Sunday January 22, 2023 – Beatitudes
God reveal your presence: as we now adore you and with awe appear before you.
Like the holy angels gathered all before you, may we ceaselessly adore you.
Bow your ear to us here; hearken, O Lord Jesus, to our humble praises.
© Gerbard Tersteegen 1729. Frederick William Foster and John Miller1789, William Mercer 1859 alt. All rights reserved. Used with permission Onelicense .net #A-723756
Acknowledging the Territory
Once again, we acknowledge that the land upon which we live, work and worship is the unceded territory of the Mi’kmaq people. We offer our deep gratitude for this land and we commit ourselves to use and share it wisely.
Call to Worship
We are blessed,
when what we treasure most is not based on wealth or possessions.
We are blessed,
when our knowledge is tempered by mystery.
We are blessed,
when our pain is lovingly and compassionately held.
We are blessed,
when our greatest joy comes from beyond ourselves.
We are blessed,
when we can gather together in worship.
So, as we gather here, let us worship God.
Lighting the Christ Candle
As we remember that Christ came, not to remain a baby in a manger but to grow and to experience and share our lives, we light our Christ Candle knowing that he still shares our lives and directs our path.
Divine Mystery, we come before you today seeking humility, so that we can see you in the most vulnerable; empathy, that allows us to share the tears of all who weep; strength, for those in pain to cling to as they walk through life; gentleness, which can forgive and heal those who have harmed us; compassion, which looks at the other and sees your beloved child; courage, which embraces those we have been taught to fear; openness, which welcomes those who are ridiculed and marginalized. Divine Mystery, we seeking words of hope, of comfort, and of grace, whispered in our ears so that we may whisper them to others. Amen.
Gift of Music Blessed Are They #896
For the next 3 weeks we will be looking at the portion of the Gospel According to Matthew known as the Sermon on the Mount. The scripture that we know as the Beatitudes is part of this longer portion of the teachings of Jesus which covers Matthew 5, 6 and 7. Today we begin with the Beatitudes but we also read about salt and light as well as Jesus’ teachings about the laws of Moses.
Matthew 5:1-20 New Revised Standard Version
When Jesus saw the crowds, he went up the mountain, and after he sat down, his disciples came to him. And he began to speak and taught them, saying:
“Blessed are the poor in spirit, for theirs is the kingdom of heaven.
“Blessed are those who mourn, for they will be comforted.
“Blessed are the meek, for they will inherit the earth.
“Blessed are those who hunger and thirst for righteousness, for they will be filled.
“Blessed are the merciful, for they will receive mercy.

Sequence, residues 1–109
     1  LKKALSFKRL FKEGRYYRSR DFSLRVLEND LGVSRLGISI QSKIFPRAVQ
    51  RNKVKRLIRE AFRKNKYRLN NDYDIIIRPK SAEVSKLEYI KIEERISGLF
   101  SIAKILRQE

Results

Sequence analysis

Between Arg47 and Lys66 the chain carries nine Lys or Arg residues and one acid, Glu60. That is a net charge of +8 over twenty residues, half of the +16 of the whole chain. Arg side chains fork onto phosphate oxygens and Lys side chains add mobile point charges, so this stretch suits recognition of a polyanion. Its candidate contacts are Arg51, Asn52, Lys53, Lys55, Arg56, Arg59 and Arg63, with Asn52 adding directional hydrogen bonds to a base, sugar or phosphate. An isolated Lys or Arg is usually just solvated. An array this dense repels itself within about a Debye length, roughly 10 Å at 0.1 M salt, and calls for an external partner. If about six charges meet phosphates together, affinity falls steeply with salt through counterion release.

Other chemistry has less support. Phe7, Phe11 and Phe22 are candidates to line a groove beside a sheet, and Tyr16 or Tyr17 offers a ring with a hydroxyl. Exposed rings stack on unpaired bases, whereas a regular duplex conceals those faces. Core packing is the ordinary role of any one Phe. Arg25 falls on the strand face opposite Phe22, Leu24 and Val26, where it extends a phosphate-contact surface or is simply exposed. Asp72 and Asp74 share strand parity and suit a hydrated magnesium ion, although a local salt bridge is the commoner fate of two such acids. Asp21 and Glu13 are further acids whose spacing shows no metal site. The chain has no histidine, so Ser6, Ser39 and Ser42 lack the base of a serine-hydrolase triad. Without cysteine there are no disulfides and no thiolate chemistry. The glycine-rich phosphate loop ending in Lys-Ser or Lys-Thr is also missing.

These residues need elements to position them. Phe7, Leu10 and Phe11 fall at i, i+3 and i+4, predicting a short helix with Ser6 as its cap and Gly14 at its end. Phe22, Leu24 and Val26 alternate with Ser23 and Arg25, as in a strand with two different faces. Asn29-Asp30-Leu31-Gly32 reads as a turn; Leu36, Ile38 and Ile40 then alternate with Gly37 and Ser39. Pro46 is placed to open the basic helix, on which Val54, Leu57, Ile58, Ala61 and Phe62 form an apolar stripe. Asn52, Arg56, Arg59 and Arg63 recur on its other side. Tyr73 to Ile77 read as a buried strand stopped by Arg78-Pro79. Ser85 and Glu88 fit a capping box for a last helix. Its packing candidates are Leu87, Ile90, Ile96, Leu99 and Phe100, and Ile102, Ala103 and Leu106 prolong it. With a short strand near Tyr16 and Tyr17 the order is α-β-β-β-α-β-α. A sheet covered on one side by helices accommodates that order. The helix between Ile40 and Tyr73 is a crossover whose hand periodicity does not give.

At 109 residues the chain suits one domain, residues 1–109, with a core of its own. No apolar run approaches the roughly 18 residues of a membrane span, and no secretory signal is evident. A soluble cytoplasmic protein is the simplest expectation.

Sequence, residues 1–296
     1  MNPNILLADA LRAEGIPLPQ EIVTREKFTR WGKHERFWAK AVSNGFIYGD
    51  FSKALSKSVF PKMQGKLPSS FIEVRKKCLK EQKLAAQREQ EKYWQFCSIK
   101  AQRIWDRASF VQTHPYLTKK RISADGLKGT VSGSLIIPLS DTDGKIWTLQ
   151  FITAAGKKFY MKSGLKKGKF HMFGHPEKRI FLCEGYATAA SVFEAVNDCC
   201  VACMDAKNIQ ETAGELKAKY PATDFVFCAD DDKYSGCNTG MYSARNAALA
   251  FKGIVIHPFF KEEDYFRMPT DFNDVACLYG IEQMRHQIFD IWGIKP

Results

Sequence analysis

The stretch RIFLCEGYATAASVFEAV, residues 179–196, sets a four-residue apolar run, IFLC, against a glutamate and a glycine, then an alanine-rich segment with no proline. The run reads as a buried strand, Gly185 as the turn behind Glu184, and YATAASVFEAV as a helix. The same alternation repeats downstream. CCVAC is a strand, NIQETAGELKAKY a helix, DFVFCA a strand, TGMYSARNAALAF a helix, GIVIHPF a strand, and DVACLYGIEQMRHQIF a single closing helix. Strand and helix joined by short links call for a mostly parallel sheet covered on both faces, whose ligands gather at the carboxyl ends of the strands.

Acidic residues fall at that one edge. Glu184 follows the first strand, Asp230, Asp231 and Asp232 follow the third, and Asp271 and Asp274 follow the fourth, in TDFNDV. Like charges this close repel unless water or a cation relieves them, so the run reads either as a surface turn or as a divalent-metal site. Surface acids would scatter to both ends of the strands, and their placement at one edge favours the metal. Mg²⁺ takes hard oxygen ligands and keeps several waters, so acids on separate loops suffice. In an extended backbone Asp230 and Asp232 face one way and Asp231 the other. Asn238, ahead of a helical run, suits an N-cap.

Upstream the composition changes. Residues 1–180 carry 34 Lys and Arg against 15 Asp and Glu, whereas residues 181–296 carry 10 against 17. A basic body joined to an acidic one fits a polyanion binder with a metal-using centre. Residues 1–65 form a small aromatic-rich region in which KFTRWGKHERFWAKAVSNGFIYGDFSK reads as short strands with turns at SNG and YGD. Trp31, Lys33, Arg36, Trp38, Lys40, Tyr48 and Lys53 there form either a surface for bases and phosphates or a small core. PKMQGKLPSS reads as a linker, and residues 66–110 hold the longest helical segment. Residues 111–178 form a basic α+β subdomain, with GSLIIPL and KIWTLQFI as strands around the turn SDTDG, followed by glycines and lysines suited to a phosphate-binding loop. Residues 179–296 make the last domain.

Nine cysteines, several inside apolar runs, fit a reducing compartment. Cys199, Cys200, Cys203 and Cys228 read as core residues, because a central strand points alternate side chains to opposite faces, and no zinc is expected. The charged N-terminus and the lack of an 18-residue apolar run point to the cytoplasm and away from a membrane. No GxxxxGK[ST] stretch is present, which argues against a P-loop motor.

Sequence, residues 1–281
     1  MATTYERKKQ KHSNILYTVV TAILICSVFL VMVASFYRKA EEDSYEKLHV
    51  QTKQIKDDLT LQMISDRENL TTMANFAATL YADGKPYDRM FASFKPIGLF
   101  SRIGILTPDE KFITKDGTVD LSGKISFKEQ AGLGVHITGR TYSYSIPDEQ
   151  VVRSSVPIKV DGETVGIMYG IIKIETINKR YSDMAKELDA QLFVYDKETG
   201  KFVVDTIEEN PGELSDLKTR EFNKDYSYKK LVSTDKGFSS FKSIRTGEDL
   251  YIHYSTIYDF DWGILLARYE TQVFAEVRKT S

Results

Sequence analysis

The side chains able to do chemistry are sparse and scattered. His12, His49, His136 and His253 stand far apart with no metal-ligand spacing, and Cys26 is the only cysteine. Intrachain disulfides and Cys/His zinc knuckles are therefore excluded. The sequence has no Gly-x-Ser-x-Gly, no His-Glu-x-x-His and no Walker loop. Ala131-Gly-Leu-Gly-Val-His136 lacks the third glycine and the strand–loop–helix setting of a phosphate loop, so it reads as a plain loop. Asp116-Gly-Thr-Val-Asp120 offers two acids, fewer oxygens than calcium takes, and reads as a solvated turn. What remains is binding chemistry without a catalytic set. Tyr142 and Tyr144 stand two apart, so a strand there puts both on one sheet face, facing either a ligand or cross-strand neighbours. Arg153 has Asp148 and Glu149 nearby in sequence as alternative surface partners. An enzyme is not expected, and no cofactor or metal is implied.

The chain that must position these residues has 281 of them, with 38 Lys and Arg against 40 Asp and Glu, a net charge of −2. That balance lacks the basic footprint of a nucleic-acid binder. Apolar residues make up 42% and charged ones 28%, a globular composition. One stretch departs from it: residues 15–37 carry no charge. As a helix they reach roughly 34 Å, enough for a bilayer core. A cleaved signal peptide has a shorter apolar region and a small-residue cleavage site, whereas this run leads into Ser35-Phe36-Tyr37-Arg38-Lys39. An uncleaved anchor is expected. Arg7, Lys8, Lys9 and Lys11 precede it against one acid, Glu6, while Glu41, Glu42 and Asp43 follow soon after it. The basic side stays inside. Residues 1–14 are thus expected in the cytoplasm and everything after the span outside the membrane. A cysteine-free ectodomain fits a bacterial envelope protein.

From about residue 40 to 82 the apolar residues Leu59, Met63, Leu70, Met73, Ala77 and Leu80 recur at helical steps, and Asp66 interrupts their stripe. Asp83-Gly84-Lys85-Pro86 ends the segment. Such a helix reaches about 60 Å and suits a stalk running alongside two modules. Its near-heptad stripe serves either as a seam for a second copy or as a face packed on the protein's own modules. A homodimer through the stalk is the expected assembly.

“Blessed are the pure in heart, for they will see God.
“Blessed are the peacemakers, for they will be called children of God.
“Blessed are those who are persecuted for the sake of righteousness, for theirs is the kingdom of heaven.
“Blessed are you when people revile you and persecute you and utter all kinds of evil against you falsely on my account.
Rejoice and be glad, for your reward is great in heaven, for in the same way they persecuted the prophets who were before you.
“You are the salt of the earth, but if salt has lost its taste, how can its saltiness be restored? It is no longer good for anything but is thrown out and trampled under foot.
“You are the light of the world. A city built on a hill cannot be hid. People do not light a lamp and put it under the bushel basket; rather, they put it on the lampstand, and it gives light to all in the house. In the same way, let your light shine before others, so that they may see your good works and give glory to your Father in heaven.
“Do not think that I have come to abolish the Law or the Prophets; I have come not to abolish but to fulfill. For truly I tell you, until heaven and earth pass away, not one letter, not one stroke of a letter, will pass from the law until all is accomplished. Therefore, whoever breaks one of the least of these commandments and teaches others to do the same will be called least in the kingdom of heaven, but whoever does them and teaches them will be called great in the kingdom of heaven. For I tell you, unless your righteousness exceeds that of the scribes and Pharisees, you will never enter the kingdom of heaven.
Attitudes and Beatitudes
When we talk about the Sermon on the Mount, we generally tend to jump straight to the Beatitudes. But the Beatitudes are only the beginning of an entire section of Jesus’ teachings that Matthew places together in one long discourse. It is also important to realize what has happened just before this.
According to Matthew, following his temptation, Jesus went throughout Galilee teaching, preaching in the synagogues and healing. As you can imagine word about this amazing healer and teacher quickly spread, not just throughout Galilee but far beyond.
Our scripture reading today begins with the words, “When Jesus saw the crowds, he went up the mountain”. But who were these crowds? Jesus’ disciples were with them, but they were not the only ones. There would have been many who followed because Jesus had healed them or someone they knew. There would have been those who were simply curious. And there would certainly have been many who were sick, poor or marginalized.